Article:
What is Brain Candy? – Brain Candy Effects
Brain Candy is a slightly different nootropic product. Instead of the pills we’re used to, this one comes in drink form as a once-per-day shot. It’s made by Bio Test, a British producer of workout supplements who call it a ‘supercharged energy drink for the mind and body’.
While most energy drinks provide just a stimulant effect, this one is said to produce cognitive benefits, too. According to Bio Test, Brain Candy helps to increase confidence, improve mood and reduce social anxiety. If you’re the kind of person who sometimes find it difficult to go out and face the world, this might be of help to you.
Brain Candy also functions as a pre-workout supplement and can provide a boost in energy, focus and concentration to help elevate your performance in the gym to the next level.
There are two versions available; original and caffeine-free.
Brain Candy Ingredients
Brain Candy contains 300mg of caffeine, which is the equivalent of two Starbucks espressos or two cans of Red Bull. It certainly will give an energy boost, but a dosage like that is likely to come with some side effects, too. For some, it could even be dangerous. Here’s what the overall formula looks like:
Vitamin B6 (as Pyridoxine HCL) 40mg
Vitamin B12 (as Methylcobalamin) 1mg
Caffeine Anhydrous 300mg
The rest of Brain Candy’s ingredients are in a proprietary blend, which means that we can’t know their exact amounts, only that they come to a total sum of 4500mg.
Other ingredients include purified water, natural and artificial flavours, FD&C yellow #6.
The caffeine-free version is exactly the same, just without the caffeine.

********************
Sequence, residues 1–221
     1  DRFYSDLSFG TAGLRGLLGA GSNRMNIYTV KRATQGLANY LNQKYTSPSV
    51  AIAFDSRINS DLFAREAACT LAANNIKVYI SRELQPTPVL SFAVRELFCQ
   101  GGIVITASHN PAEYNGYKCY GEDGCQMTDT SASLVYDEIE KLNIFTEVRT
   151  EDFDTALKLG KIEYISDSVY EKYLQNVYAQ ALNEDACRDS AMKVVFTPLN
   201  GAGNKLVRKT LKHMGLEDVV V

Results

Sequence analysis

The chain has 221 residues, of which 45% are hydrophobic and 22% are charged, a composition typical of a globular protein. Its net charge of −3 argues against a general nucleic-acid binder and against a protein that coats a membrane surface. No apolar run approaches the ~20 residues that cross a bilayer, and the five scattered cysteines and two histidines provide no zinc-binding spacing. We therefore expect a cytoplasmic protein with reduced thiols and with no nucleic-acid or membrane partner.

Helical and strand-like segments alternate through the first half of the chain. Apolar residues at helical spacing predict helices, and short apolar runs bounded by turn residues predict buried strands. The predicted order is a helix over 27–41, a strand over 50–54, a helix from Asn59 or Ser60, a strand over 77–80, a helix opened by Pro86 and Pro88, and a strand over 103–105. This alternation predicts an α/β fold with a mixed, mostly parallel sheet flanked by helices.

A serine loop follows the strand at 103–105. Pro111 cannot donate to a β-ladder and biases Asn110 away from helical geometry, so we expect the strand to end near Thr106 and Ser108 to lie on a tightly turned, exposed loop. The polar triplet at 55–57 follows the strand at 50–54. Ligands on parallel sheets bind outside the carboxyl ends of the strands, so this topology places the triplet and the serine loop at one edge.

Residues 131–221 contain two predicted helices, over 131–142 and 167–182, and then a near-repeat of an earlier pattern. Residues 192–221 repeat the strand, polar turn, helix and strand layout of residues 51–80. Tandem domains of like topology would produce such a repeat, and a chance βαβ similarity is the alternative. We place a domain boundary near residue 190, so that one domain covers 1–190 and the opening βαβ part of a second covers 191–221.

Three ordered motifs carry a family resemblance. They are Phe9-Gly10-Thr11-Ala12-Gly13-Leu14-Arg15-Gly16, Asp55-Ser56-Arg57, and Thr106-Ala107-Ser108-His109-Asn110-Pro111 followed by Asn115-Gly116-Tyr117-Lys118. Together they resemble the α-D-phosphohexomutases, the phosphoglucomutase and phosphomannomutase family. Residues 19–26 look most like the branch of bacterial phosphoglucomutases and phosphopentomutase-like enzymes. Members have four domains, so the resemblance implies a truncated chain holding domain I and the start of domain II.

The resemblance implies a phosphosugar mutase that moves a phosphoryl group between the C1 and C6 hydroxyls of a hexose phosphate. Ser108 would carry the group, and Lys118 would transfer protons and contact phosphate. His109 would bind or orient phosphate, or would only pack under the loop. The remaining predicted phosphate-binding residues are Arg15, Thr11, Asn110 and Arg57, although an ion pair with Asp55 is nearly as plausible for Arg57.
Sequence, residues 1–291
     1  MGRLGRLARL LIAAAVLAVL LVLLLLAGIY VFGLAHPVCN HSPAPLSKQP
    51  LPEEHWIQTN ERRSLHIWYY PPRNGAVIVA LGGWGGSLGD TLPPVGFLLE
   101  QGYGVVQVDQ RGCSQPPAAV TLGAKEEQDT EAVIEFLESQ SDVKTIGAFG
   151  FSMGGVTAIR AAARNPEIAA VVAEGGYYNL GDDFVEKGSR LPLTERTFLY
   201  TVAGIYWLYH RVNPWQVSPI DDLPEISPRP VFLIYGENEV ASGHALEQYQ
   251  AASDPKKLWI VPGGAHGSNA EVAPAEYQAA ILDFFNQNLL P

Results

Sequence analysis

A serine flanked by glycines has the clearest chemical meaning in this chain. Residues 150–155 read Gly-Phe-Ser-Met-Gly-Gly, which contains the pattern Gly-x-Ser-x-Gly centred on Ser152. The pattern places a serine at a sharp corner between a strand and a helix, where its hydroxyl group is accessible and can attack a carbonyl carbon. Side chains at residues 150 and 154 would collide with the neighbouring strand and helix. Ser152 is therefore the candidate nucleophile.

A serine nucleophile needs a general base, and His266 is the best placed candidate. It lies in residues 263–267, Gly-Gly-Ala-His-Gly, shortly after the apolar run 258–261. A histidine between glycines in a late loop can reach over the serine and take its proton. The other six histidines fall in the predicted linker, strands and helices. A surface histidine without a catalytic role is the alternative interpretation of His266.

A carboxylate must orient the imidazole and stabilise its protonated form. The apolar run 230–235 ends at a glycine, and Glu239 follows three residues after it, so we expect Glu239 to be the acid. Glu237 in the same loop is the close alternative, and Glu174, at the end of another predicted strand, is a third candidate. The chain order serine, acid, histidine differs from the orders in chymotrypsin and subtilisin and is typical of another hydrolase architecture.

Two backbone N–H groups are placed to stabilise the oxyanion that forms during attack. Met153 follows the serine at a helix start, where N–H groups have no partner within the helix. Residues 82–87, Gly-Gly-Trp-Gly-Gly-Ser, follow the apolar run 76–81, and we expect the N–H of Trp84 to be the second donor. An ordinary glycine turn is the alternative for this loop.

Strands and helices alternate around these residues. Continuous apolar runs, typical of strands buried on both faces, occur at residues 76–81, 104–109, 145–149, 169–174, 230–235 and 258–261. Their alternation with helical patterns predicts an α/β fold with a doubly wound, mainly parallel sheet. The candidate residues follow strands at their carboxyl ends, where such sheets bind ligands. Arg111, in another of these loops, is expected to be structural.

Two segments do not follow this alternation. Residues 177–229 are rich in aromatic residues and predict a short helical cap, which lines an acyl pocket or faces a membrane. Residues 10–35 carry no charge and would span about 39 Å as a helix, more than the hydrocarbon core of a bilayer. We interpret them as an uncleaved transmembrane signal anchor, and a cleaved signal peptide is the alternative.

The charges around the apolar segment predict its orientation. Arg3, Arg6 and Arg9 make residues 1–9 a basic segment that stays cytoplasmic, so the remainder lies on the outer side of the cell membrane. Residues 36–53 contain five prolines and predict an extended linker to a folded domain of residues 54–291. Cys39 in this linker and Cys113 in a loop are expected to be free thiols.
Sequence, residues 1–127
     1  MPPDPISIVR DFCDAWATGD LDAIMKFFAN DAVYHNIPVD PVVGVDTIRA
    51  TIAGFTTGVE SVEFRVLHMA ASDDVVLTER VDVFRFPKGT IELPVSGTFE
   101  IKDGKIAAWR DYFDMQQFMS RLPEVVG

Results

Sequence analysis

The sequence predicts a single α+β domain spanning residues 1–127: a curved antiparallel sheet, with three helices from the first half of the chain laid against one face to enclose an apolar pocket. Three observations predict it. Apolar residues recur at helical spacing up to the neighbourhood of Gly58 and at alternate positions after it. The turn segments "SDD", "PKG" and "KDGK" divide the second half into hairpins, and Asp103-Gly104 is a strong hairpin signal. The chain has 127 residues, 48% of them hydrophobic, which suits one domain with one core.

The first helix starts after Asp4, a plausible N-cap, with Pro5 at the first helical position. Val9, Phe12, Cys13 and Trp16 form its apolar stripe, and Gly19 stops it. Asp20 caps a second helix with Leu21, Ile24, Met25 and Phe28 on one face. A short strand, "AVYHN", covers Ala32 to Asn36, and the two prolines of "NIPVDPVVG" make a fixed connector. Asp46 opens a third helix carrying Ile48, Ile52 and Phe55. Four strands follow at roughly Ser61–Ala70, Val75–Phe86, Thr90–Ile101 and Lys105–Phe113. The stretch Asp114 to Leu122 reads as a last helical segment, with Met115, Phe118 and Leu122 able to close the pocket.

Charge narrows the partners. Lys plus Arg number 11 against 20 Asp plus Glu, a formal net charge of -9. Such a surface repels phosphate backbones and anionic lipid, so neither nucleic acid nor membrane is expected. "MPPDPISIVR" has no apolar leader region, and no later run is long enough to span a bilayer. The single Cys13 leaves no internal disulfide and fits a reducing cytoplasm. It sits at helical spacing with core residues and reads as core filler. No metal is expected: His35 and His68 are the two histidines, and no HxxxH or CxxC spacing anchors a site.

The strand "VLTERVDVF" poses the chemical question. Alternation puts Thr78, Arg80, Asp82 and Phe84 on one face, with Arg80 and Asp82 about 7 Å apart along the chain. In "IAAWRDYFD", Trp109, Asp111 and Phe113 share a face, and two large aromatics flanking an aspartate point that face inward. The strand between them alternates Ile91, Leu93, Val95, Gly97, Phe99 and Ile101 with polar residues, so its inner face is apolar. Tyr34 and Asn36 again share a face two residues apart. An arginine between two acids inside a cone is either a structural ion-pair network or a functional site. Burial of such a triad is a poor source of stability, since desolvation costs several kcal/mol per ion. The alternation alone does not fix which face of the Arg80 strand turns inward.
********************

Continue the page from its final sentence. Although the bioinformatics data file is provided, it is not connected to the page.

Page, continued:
Brain Candy Side Effects
Brain Candy is advertised as having ‘no crash’, but that doesn’t mean it’s free of all of caffeine’s negative side effects. Brain Candy users have reported the usual jitters and irritability as well as withdrawal symptoms after stopping usage.
Brain Candy Dosage
Brain Candy can be taken any time you need a boost of mental or physical energy. It could be before a workout, an exam, a job interview or even a night out. It is most effective when taken in the morning on an empty stomach. Drinking Brain Candy in the late afternoon or evening can cause trouble sleeping. Consumption should not exceed one bottle per day.
Brain Candy should not be taken by anyone with any kind of mental health condition such as anxiety disorder or panic disorder. It should also be avoided by pregnant or nursing mothers, anyone under the age of 18, and people who are either at risk or being treated for high blood pressure or heart disease.
Brain Candy Reviews
There are only 3 reviews for Brain Candy on Amazon. They’re all positive, but one customer said it left them ‘a little dehydrated’. Brain Enhancement Advisor scored it at 83%, although Top Ten Brain Pills gave it an unimpressive 5.3/10. Brain Pill Reviews said it was effective, but poor value for money, and Top Cognitive Enhancers said ‘Brain Candy was really good on the days that it actually worked, but for the most part it was sort of hit-and-miss. It would work some days, and others it would not’. ADD Pill Reviews gave it 3 out of 5 stars.
Buy Brain Candy
16 bottles of Brain Candy costs $36 from Bio Test. That’s $2.25 per serving. It’s the same price on Amazon, but Vitamin Shoppe offers bottles for $9.99, which might be more appealing to customers who just want to try it out without committing too much.
Bio Test provide Free US shipping via FedE. There’s also a money back guarantee, although their website doesn’t determine how long that is valid for.
Brain Candy Summary
Brain Candy appears to be a good choice for a quick energy boost, but we wouldn’t recommend it for anyone looking for a nootropic to use long-term, for a number of reasons. Firstly, the price tag means that it would be extremely expensive to do so, especially in comparison to some brain pill alternatives. Secondly, its high caffeine content (300mg per serving) could be a concern. We’d recommend just drinking a coffee or an energy drink to get the same effects without paying through the nose. Gym goers might want to look for a caffeine-free pre-workout powder instead.
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